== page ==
(This tip is only relevant if you have a bag to check in)
TIP: Check it in if it’s over 100ml.
In the UK all liquids need to be under 100ml in your carry-on luggage, so if you wish to take larger than that, put them in your check in bag that goes under the plane as this is not subject to the same rules.
TIP: Get around having to pay for checked luggage.
The easiest way is to utilise the carry-on luggage allowance. This is something that every flyer in the UK (including children) with most airlines, will get, normally this is no weight limit set for this, but they do specify a size e.g. Easyjet maximum size for a carry on is 45x56x25cm although there is no weight limit, a good rule of thumb is you must be able to lift it into the overhead locker. Ryanair on e ther hand low you wo pieces of carryon luggage: the main piece of luggage cannot weigh more than 10kg or exceed the maximum dimensions 55x40x20cm. The second item, which can include a handbag, briefcase, laptop, camera, shop purchases/carrier bag, etc. needs to be smaller than 35x20x20cm. We make use of this as a family of four which saves us a bit of money and also means if we dont fly ith Ryanair we don’t have to worry about weighing our case prior to arriving at the airport.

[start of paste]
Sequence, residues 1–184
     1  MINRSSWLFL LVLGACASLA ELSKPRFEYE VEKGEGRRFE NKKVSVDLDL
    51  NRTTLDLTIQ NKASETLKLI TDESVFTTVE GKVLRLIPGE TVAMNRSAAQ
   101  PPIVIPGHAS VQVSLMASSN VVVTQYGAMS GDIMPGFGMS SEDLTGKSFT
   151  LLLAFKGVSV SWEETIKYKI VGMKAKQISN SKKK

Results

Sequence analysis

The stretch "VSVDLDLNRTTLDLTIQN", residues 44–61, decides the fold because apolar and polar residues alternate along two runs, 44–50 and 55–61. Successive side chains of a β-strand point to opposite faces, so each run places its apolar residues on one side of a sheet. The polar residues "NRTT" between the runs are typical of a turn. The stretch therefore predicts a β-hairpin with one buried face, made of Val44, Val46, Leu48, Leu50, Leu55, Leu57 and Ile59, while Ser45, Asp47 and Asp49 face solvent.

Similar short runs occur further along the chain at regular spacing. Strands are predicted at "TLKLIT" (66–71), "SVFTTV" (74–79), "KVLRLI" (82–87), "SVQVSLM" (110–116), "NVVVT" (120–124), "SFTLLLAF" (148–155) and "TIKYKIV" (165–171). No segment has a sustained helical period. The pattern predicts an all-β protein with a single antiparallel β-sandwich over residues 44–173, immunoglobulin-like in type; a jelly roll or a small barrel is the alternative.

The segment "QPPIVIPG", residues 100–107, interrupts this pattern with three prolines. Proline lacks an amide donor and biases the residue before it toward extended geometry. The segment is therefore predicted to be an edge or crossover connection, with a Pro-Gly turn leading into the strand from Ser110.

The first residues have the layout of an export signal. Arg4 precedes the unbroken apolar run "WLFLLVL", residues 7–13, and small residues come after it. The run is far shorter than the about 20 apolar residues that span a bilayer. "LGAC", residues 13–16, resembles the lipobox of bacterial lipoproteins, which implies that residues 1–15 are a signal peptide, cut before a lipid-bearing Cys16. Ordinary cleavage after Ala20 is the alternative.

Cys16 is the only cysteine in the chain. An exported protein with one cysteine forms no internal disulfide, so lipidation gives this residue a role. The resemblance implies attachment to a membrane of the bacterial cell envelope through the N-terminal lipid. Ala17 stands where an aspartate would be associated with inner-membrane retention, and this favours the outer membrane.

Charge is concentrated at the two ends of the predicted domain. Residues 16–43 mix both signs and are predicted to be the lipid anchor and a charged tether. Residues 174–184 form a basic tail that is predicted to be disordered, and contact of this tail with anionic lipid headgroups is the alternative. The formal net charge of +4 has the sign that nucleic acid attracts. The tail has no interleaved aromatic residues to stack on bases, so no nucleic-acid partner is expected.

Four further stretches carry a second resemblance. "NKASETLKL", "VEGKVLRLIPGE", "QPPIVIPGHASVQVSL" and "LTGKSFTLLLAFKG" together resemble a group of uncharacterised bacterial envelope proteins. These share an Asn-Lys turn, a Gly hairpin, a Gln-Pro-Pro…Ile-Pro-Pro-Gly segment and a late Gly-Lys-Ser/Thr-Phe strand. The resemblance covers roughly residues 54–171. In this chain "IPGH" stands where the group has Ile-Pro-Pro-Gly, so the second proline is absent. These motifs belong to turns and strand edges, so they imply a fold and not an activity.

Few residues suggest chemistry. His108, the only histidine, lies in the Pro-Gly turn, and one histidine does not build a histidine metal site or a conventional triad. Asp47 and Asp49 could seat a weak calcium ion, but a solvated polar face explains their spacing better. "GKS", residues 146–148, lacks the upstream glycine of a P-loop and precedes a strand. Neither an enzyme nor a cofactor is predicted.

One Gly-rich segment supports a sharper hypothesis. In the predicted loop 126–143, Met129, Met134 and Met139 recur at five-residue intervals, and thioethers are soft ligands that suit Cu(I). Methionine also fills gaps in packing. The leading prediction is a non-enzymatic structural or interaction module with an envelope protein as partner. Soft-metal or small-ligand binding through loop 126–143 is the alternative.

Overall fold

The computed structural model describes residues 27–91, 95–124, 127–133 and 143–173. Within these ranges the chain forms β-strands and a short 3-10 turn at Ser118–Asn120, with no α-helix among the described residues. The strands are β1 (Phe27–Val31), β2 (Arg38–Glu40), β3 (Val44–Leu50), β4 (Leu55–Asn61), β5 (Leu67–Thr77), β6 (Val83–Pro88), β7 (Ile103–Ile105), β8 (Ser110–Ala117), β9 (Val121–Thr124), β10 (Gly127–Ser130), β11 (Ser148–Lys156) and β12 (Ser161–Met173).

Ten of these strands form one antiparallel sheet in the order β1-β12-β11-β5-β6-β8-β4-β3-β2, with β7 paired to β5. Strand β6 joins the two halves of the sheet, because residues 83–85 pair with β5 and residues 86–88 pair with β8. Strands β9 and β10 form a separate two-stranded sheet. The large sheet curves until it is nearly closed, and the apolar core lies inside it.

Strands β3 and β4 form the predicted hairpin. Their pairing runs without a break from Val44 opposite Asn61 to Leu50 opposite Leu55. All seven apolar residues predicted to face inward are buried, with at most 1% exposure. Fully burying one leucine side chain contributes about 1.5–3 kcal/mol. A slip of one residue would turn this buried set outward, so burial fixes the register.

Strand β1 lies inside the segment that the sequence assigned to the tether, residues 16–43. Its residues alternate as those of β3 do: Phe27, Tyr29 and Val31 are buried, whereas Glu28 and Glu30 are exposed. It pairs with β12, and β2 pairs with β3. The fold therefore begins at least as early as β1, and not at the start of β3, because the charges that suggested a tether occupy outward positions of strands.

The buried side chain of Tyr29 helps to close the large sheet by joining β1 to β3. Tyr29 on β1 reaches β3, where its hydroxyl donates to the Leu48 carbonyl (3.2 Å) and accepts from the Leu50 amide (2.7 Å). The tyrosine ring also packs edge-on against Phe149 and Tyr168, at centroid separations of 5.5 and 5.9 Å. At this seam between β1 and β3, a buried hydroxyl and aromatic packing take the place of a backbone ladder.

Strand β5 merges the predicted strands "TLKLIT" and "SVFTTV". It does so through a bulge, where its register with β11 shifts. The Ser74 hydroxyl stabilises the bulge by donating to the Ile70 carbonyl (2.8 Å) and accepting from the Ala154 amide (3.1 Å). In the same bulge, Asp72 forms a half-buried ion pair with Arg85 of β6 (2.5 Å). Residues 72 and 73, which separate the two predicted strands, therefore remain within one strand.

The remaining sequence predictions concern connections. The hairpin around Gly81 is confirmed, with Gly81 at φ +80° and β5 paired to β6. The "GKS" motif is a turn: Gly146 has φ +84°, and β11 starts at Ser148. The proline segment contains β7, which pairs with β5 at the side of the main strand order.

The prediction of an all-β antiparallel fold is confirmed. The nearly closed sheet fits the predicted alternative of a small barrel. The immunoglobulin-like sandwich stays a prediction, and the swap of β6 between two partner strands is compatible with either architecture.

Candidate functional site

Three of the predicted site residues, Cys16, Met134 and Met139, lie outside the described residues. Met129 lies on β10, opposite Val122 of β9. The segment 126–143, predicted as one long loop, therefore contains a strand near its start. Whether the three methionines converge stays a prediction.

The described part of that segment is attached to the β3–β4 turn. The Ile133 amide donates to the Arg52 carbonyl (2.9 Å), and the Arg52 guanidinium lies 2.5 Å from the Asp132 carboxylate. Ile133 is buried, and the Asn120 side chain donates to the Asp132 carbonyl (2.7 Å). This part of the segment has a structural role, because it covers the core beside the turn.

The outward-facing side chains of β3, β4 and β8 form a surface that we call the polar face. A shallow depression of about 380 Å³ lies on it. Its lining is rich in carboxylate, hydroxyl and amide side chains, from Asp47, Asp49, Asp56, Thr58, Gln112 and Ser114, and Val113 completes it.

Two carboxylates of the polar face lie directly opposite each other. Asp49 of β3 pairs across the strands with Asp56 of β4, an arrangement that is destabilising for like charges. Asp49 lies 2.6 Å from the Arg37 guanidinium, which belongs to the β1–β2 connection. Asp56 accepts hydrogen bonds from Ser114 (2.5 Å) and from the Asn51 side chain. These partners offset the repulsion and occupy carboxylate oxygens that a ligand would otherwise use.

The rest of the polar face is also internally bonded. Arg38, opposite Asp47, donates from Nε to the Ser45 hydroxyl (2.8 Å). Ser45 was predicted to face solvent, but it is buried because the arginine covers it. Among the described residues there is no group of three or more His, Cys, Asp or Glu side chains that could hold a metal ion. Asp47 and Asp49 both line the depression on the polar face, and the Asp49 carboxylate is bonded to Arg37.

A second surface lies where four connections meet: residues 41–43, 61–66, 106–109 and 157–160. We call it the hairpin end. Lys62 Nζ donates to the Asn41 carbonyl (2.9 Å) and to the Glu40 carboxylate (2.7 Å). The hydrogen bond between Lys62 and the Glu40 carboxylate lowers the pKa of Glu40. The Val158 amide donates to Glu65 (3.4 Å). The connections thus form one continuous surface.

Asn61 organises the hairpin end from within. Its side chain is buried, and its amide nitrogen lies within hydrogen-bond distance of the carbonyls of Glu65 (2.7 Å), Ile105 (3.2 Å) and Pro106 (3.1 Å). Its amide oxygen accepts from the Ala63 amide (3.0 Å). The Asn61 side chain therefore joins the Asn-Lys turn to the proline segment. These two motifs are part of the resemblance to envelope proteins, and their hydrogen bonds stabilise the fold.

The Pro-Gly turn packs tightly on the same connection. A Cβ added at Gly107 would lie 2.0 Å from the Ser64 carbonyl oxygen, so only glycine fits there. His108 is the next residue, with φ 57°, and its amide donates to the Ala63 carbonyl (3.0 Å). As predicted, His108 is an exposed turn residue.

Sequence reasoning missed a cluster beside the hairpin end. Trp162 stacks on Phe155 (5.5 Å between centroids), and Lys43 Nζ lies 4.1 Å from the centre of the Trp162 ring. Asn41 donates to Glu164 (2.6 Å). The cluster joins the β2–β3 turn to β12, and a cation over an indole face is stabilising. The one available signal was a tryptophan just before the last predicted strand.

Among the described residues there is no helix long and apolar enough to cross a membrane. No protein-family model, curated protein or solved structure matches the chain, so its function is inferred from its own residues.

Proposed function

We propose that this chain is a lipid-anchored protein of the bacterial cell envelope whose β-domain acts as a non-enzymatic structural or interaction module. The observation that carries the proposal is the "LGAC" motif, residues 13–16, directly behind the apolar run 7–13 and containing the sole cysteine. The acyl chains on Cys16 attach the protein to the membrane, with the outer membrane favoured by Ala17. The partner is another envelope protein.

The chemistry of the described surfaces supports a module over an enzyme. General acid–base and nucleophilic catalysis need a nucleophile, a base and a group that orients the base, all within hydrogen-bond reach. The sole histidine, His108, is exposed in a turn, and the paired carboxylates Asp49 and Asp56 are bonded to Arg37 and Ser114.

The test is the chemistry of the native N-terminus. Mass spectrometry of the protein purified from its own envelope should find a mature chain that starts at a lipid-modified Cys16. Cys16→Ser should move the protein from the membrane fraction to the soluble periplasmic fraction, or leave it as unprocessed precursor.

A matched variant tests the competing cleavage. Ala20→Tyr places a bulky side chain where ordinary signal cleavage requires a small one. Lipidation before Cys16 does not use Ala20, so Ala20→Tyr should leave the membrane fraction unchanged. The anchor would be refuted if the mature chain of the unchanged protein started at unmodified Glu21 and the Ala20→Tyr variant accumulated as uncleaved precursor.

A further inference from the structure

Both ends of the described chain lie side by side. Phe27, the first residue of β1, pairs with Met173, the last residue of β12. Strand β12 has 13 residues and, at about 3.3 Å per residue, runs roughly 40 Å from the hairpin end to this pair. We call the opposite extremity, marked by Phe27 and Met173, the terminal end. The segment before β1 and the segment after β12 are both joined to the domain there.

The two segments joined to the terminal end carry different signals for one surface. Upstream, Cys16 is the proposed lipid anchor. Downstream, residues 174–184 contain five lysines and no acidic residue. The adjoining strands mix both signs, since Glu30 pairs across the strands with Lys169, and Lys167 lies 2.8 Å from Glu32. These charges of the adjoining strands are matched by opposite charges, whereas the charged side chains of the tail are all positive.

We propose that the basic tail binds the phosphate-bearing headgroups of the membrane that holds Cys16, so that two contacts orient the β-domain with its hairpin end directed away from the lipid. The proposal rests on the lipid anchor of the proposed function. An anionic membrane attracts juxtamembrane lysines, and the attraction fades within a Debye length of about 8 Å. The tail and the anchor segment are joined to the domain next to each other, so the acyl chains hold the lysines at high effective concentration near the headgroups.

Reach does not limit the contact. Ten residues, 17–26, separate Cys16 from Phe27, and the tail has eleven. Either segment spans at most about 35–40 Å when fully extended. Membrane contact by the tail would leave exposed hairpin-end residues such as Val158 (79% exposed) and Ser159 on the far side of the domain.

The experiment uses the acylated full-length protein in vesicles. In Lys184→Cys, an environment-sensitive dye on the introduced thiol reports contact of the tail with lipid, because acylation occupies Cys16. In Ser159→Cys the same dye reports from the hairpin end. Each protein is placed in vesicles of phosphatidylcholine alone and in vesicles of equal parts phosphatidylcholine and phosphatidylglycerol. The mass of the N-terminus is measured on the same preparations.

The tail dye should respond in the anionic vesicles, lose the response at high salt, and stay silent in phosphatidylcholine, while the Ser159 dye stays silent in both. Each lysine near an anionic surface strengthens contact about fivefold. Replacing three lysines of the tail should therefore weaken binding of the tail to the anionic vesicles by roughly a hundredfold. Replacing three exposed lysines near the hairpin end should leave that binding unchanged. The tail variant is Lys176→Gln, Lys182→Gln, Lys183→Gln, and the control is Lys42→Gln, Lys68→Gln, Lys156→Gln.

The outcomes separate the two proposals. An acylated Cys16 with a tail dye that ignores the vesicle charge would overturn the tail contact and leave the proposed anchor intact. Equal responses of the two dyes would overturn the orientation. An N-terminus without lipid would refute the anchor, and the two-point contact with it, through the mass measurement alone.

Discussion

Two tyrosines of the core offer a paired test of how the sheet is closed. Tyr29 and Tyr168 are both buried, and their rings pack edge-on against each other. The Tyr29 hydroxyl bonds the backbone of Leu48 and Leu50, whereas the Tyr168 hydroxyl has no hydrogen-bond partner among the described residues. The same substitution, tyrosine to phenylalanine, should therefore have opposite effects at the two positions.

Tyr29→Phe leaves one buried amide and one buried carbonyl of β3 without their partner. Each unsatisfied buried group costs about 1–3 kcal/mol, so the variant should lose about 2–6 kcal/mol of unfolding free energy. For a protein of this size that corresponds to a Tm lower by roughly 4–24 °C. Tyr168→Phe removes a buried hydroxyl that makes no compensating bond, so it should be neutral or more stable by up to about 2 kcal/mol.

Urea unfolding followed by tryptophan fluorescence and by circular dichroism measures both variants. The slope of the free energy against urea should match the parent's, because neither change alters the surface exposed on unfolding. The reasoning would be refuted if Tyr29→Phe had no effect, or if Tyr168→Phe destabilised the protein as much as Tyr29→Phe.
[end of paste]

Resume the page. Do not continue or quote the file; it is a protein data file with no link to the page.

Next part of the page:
Remember if your bag exceeds the allowance for your airline, you will have to check it in and if you have to do this at the airport when it’s not prepaid the airline hikes the price up for it. So it pays to check your allowance BEFORE you leave the house.